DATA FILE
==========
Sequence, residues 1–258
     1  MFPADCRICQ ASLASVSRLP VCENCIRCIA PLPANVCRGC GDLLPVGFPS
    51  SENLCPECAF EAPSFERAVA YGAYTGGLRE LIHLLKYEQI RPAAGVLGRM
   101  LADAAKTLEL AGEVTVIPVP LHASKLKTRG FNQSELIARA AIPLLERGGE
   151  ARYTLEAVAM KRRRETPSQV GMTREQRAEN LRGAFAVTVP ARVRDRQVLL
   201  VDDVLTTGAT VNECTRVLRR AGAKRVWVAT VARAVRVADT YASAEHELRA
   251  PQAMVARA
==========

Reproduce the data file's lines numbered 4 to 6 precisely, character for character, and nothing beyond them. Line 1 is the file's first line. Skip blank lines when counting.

   101  LADAAKTLEL AGEVTVIPVP LHASKLKTRG FNQSELIARA AIPLLERGGE
   151  ARYTLEAVAM KRRRETPSQV GMTREQRAEN LRGAFAVTVP ARVRDRQVLL
   201  VDDVLTTGAT VNECTRVLRR AGAKRVWVAT VARAVRVADT YASAEHELRA